Fig 7 Response and recovery time of sensor for 5010 6 CO as function of

Fig 7 response and recovery time of sensor for 5010 6

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Fig. 7 Response and recovery time of sensor for 50×10 6 CO as function of temperature: (a) Pure-SnO 2 ; (b) GNP-SnO 2 4 Gas-sensing mechanism The detection mechanism of our sensors in the presence of a reducing gas such as CO involves the partial chemical reduction of the sensitive layer surface [13]. At higher temperatures, the O 2 molecules ionized on the SnO 2 nanoparticles to form active ionic oxygen species like [O ]. Due to the high electron affinity of oxygen and because metal oxide semiconductors are n -type, they extract electrons from the semiconductor conduction band and create a depletion area on the surface of the grains, decreasing the effective radius of the grains for electron transport. By introducing CO gas, a reaction between the ionic oxygen atoms [O ] and CO molecules occurs [CO+O CO 2 +e]. This interaction releases electrons and re-injects them into the depletion region created in SnO 2 nanoparticles surfaces. This significantly reduces the height of barriers created
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A. BORHANINIA, et al/Trans. Nonferrous Met. Soc. China 27(2017) 1777 1784 1782 Fig. 8 Transient response of sensors at optimal temperature: (a) Pure-SnO 2 at 50×10 6 CO; (b) GNP-SnO 2 at 50×10 6 CO; ( c ) Pure- SnO 2 at (20 60)×10 6 CO; (d) GNP-SnO 2 at (20 60)×10 6 CO Fig. 9 Response of sensors at different 50×10 6 gases between neighboring particles, resulting in an increase in sensor conductance. GNPs also cover SnO 2 nanoparticles to some extent but CO molecules can penetrate through the free spaces between the particles and react with ionic oxygen species (O 2 , O 2− , O ) [14,21,25]. Through reducing the activation energy required for interactions as mentioned, GNPs increase the sensor response. Besides, as GNPs contact with SnO 2 nanoparticles, a Schottky barrier forms between them and electrons flow from the SnO 2 nanoparticles to the GNP S . This occurs because of the work function difference between the gold and SnO 2 nanoparticles. This widens the depletion region into the SnO 2 nanoparticles and tends to further reduce the sensor conductivity. So, when CO molecules interact with pre-adsorbed oxygen ionic atoms to release and re-inject electrons into the depletion region created in SnO 2 nanoparticles, the changes of the sensor conductivity will be improved [14,21,25]. The GNPs affect the rate of attraction and repulsion of the gas molecules and improves the response and recovery time. These improvements are dependent on the interaction of the CO molecules and ionic oxygen species (O 2 , O 2− , O ) under the catalytic effect of the GNPs [21,38,39]. 5 Conclusions The amount of GNPs optimized was used to create high performance GNP-SnO 2 sensors (Au/Sn= 3.7663×10 4 ). The optimal operating temperature is about 260 °C and the responses at concentrations of (20 80)×10 6 are 8.3 29.5. This means that the operating temperature decreases by about 80 °C and the response improved by more than 2-fold compared with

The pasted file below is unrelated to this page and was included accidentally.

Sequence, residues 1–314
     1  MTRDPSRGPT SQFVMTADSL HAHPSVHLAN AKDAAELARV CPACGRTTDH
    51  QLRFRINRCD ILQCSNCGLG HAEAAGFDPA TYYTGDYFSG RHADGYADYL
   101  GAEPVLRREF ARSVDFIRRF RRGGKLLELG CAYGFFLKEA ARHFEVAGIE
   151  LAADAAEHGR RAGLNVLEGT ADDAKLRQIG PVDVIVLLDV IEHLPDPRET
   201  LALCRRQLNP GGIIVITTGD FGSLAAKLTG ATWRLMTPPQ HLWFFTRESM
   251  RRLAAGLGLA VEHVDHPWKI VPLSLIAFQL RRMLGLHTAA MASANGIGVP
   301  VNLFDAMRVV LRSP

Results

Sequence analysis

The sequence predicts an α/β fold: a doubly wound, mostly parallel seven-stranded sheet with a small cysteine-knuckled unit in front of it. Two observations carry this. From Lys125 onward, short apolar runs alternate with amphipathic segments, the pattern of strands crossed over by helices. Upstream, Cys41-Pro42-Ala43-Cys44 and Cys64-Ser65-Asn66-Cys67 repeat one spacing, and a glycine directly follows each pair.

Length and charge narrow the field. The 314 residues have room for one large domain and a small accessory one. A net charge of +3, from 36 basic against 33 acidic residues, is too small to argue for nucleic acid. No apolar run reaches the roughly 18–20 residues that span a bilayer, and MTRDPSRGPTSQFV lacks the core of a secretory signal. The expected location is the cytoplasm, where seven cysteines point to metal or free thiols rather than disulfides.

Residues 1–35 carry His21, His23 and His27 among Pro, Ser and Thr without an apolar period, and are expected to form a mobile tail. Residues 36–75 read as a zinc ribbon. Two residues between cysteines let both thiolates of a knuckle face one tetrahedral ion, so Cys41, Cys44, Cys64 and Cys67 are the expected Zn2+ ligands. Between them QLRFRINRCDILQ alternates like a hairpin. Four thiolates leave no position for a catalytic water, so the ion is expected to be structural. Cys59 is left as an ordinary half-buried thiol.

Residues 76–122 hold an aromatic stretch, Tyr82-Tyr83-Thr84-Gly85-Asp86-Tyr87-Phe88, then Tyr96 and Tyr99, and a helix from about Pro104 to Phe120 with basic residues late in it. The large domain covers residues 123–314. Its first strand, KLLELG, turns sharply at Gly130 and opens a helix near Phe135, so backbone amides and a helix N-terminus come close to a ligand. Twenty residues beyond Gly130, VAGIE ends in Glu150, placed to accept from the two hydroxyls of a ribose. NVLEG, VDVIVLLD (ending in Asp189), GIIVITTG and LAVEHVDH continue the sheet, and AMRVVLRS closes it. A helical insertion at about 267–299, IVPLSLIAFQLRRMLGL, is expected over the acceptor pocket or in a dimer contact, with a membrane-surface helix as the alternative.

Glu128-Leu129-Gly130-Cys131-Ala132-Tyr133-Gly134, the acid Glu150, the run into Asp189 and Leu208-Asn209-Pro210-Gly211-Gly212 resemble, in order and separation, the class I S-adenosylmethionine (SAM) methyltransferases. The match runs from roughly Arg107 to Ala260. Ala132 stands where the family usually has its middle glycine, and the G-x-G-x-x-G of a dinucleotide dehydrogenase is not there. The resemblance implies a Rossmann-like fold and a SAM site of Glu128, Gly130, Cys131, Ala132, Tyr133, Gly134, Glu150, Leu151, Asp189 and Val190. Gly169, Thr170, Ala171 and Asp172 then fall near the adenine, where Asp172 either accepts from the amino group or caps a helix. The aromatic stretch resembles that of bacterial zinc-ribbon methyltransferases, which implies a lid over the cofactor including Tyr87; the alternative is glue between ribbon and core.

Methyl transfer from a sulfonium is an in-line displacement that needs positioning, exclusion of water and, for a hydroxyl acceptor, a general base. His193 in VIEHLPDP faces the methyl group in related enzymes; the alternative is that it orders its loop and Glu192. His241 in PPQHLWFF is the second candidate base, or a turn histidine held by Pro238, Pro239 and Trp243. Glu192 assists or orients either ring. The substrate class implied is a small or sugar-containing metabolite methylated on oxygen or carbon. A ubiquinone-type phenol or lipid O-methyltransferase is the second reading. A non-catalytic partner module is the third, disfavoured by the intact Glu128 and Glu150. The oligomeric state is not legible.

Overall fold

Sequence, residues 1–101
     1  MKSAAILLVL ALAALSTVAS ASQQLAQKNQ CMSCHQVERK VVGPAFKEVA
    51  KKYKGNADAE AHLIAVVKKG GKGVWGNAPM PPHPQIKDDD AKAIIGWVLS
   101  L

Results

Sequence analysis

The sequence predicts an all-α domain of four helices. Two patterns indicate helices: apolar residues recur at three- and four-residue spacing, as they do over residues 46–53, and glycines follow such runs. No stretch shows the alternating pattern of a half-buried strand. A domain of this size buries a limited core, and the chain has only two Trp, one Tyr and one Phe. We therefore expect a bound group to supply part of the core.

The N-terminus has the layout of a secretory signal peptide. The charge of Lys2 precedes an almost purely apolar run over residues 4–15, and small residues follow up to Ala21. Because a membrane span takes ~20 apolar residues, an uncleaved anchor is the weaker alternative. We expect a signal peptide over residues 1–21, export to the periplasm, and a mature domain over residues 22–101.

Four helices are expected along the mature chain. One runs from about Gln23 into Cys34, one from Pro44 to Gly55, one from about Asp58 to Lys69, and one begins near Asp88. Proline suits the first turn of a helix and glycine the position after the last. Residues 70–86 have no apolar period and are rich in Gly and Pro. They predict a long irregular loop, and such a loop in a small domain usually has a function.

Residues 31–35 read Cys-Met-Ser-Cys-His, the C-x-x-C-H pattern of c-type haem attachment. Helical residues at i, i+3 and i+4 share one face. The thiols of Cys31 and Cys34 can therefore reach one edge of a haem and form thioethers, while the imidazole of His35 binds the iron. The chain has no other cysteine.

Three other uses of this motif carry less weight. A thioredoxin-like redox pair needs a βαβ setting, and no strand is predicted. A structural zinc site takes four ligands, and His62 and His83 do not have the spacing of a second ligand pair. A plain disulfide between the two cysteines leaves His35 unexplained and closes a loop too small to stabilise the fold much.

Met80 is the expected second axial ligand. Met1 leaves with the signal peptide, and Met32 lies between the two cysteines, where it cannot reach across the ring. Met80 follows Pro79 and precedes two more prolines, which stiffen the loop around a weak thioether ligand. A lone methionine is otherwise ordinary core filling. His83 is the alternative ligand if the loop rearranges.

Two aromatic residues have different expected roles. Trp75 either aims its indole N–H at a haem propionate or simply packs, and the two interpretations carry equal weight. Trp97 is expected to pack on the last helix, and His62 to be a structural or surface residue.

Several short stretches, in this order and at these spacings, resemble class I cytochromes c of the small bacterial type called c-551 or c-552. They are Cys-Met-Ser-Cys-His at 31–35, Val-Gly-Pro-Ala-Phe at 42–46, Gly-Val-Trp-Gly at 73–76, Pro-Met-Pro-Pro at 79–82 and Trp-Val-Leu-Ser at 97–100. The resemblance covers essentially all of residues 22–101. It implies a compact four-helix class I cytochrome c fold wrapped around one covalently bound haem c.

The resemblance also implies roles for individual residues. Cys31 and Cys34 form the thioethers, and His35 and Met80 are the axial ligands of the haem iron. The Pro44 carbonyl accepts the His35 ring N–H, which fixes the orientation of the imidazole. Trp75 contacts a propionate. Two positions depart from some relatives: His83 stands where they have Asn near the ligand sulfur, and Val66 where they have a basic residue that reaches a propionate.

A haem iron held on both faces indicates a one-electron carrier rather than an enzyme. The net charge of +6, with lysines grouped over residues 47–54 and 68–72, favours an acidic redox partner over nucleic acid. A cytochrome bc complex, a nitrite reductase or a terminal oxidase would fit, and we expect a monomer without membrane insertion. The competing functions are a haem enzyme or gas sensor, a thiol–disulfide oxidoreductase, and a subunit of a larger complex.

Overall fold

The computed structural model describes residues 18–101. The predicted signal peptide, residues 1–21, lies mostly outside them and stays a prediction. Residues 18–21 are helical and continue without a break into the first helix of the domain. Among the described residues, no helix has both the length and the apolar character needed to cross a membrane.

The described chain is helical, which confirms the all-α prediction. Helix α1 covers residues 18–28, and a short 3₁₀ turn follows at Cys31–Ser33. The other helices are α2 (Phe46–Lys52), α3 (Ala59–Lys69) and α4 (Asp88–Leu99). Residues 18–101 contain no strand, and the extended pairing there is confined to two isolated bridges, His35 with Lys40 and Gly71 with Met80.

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A. BORHANINIA, et al/Trans. Nonferrous Met. Soc. China 27(2017) 1777 1784 1783 the pure samples. At 50×10 6 CO gas, the response and recovery time for the pure SnO 2 sensor were approximately 10 and 14 s, and for the GNP-SnO 2 sensor, these values were approximately 4 and 6 s, respectively. This means that the sensor speed increases by more than 2-fold. The selectivity of the sensor
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  • Summer '18
  • Peter
  • Oxide, Gas sensors, Operating temperature, GNPs

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